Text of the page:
The throngs of pilgrims who attended John Paul II's funeral on Friday flowed out of Rome on Saturday, leaving mainly tourists in a quiet, rainy St Peter's Square, some gazing forlornly at the window where the Pope traditionally appeared to greet the faithful.
The Vatican said a decision on calls to put John Paul on a fast track to sainthood would rest with the next Pope.
Italian Cardinal Francesco Marchisano celebrated the second Mass for John Paul in St Peter's Basilica, a daily rite over nine days that began with the funeral Mass.
The Vatican also released photographs of the late Pope's tomb, a white marble slab, slightly raised off the floor and tilted, with the dates of his 26-year reign. It also bears the first two letters of Christ's name in Greek, a common symbol with roots in early Christianity. The grave is in the small grotto once occupied by the sarcophagus of Pope John XXIII, which was moved into the main floor of St Peter's Basilica after his 2000 beatification.
The unanimous vote on Saturday by 130 cardinals to maintain public silence about John Paul's successor was unprecedented. But in an era of continuous news updates and constant speculation, Vatican spokesman Joaquin Navarro-Valls called the media ban an "act of responsibility". He asked journalists not to ask the cardinals for interviews and said they should not take the prelates' silence as an act of "discourtesy". At least two cardinals later turned down interview requests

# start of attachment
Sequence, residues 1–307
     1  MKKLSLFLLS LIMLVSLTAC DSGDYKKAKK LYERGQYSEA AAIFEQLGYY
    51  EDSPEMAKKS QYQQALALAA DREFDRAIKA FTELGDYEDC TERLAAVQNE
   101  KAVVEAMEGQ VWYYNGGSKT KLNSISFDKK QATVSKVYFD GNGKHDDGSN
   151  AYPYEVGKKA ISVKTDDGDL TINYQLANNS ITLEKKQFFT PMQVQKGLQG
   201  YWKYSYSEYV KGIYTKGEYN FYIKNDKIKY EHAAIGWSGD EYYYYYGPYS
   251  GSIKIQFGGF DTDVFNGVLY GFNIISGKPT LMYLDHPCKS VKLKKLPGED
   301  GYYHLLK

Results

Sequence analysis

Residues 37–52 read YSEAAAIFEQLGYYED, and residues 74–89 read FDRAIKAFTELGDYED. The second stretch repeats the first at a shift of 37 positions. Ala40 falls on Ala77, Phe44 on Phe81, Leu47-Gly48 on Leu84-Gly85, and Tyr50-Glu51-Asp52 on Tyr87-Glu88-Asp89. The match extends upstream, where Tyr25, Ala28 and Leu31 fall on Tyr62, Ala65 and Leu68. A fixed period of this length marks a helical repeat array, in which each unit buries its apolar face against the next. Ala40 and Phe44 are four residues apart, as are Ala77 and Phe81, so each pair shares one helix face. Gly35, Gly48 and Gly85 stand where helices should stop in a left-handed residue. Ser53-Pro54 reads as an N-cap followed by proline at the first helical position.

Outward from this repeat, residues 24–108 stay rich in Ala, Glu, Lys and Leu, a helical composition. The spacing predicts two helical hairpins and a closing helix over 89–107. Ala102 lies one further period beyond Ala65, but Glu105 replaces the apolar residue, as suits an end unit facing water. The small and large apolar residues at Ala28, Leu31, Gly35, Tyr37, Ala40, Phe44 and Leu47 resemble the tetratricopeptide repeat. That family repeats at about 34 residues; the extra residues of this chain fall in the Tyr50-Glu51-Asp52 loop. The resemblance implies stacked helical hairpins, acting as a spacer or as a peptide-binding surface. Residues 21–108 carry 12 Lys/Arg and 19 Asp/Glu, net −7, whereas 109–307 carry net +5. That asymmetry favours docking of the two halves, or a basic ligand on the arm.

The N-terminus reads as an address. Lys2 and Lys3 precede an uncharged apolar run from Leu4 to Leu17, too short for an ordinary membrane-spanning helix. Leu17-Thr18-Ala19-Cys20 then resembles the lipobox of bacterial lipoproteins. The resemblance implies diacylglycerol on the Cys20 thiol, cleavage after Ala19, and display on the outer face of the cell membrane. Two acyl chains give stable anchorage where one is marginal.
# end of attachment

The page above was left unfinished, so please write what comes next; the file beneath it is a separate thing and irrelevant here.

The lack of access to the cardinals was unlikely to stem the speculation about John Paul's successor, with worldwide interest peaking in what could be a tight competition between reformers and conservatives.
American Cardinal Bernard Law, an embattled figure in the US, presided at Mass yesterday in Rome's St Mary Major Basilica, the church where John Paul appointed him archpriest, but did not give the homily.
Cardinal Law resigned as archbishop of Boston in December 2002 after unsealed court records revealed he had allowed priests guilty of abusing children to move among parish assignments and had not notified the public.
Dr Navarro-Valls said 115 prelates will participate in the conclave, which will begin on April 18 - all the cardinals under the age of 80 except for Jaime Sin of the Philippines and Alfonso Antonio Suarez Rivera of Mexico, who are too sick to attend. John Paul took the name of an additional cardinal (kept secret apparently to protect him from a government that represses religious activity) to the grave.
Cardinal Karl Lehmann was quoted by the German newspaper Allgemeine Zeitung as saying race and background will play a role in the choice of the next Pope, but there were no clear favourites and "probably also no firm alliances".